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Titolo:
Dendritic cells for specific cancer immunotherapy
Autore:
Meidenbauer, N; Andreesen, R; Mackensen, A;
Indirizzi:
Univ Regensburg, Dept Hematol Oncol, D-93042 Regensburg, Germany Univ Regensburg Regensburg Germany D-93042 , D-93042 Regensburg, Germany
Titolo Testata:
BIOLOGICAL CHEMISTRY
fascicolo: 4, volume: 382, anno: 2001,
pagine: 507 - 520
SICI:
1431-6730(200104)382:4<507:DCFSCI>2.0.ZU;2-9
Fonte:
ISI
Lingua:
ENG
Soggetto:
T-LYMPHOCYTE RESPONSES; COLONY-STIMULATING FACTOR; ANTIGEN-PRESENTING CELLS; HUMAN PERIPHERAL-BLOOD; HEMATOPOIETIC PROGENITOR CELLS; EXOGENOUS SOLUBLE-ANTIGEN; MEDIATED GENE-TRANSFER; SERUM-FREE CONDITIONS; GENERATED IN-VITRO; C-KIT-LIGAND;
Keywords:
antigen presenting cells; T cells; tumor immunotherapy; vaccination;
Tipo documento:
Review
Natura:
Periodico
Settore Disciplinare:
Life Sciences
Citazioni:
161
Recensione:
Indirizzi per estratti:
Indirizzo: Mackensen, A Univ Regensburg, Dept Hematol Oncol, D-93042 Regensburg, Germany Univ Regensburg Regensburg Germany D-93042 ensburg, Germany
Citazione:
N. Meidenbauer et al., "Dendritic cells for specific cancer immunotherapy", BIOL CHEM, 382(4), 2001, pp. 507-520

Abstract

The characterization of tumor-associated antigens recognized by human T lymphocytes in a major histocompatibility complex (MHC)-restricted fashion has opened new possibilities for immunotherapeutic approaches to the treatment of human cancers. Dendritic cells (DC) are professional antigen presenting cells that are well suited to activate T cells toward various antigens, such as tumor-associated antigens, due to their potent costimulatory activity. The availability of large numbers of DC, generated either from hematopoietic progenitor cells or monocytes in vitro or isolated from peripheral blood, has profoundly changed pre-clinical research as well as the clinical evaluation of these cells. Accordingly, appropriately pulsed or transfected DC may be used for vaccination in the field of infectious diseases or tumor immunotherapy to induce antigen-specific T cell responses. These observations led to pilot clinical trials of DC vaccination for patients with cancer in order to investigate the feasibility, safety, as well as the immunologicand clinical effects of this approach. Initial clinical studies of human DC vaccines are generating encouraging preliminary results demonstrating induction of tumor-specific immune responses and tumor regression. Nevertheless, much work is still needed to address several variables that are criticalfor optimizing this approach and to determine the role of DC-based vaccines in tumor immunotherapy.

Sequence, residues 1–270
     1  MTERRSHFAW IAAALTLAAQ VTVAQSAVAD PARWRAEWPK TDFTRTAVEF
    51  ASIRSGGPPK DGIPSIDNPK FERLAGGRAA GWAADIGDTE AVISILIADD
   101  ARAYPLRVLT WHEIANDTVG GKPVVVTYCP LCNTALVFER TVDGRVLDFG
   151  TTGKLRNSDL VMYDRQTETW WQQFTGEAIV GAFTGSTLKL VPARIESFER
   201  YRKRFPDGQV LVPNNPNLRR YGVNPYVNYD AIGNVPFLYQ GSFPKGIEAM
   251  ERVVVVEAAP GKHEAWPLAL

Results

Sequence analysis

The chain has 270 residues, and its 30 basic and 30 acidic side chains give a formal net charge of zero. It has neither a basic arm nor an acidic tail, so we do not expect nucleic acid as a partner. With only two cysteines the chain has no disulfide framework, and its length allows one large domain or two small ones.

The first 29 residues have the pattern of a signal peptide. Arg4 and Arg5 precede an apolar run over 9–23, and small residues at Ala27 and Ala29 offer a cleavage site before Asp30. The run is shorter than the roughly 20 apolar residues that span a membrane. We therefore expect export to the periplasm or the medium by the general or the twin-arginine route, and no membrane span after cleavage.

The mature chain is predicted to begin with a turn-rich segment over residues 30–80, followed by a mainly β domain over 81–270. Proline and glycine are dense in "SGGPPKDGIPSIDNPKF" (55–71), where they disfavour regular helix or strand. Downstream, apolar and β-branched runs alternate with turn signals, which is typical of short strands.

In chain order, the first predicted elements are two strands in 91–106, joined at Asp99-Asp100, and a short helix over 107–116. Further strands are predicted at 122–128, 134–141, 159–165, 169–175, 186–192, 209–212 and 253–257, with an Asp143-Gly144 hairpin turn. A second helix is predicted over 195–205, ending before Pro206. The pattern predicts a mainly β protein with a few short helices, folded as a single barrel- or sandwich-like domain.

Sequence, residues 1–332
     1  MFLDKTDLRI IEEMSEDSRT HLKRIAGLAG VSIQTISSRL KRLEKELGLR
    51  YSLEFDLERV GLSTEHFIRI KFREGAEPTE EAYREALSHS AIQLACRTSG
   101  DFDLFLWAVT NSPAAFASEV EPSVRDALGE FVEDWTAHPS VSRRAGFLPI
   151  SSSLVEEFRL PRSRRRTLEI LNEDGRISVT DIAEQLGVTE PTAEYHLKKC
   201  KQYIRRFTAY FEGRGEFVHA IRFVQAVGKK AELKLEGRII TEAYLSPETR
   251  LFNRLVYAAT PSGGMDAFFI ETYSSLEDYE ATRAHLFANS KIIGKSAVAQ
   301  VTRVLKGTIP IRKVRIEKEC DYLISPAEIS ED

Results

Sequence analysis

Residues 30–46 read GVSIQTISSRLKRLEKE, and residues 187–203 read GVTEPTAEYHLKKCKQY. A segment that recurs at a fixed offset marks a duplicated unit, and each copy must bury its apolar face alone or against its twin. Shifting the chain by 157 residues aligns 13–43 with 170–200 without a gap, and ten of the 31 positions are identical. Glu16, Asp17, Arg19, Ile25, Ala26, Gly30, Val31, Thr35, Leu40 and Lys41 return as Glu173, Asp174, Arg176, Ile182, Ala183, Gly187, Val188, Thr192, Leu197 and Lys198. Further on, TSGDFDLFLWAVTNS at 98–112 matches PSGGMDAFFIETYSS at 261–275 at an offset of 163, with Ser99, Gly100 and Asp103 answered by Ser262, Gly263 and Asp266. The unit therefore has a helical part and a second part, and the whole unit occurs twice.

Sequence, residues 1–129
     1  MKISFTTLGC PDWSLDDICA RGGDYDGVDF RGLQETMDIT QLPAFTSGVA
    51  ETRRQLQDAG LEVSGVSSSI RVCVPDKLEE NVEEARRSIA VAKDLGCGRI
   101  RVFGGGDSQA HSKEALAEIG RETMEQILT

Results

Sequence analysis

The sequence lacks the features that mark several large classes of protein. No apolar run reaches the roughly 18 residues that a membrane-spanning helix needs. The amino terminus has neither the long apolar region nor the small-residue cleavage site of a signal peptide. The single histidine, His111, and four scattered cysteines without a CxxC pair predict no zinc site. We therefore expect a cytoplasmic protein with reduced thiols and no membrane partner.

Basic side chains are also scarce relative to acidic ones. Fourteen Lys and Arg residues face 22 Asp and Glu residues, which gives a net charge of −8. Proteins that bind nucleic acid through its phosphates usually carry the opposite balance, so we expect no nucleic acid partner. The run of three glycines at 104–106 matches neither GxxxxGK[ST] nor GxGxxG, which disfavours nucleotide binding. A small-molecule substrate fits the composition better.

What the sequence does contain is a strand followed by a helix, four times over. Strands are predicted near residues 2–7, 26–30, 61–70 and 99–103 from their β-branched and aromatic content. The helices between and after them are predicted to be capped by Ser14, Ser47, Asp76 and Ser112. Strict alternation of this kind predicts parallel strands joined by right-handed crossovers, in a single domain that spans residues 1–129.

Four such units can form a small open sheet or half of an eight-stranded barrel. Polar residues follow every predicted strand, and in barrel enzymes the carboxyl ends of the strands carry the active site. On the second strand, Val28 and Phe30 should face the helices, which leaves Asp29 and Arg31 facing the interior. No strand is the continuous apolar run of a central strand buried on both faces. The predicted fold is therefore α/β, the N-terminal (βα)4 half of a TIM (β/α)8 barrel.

ASDD Area Sistemi Dipartimentali e Documentali, Università di Bologna, Catalogo delle riviste ed altri periodici
Documento generato il 24/01/20 alle ore 12:54:12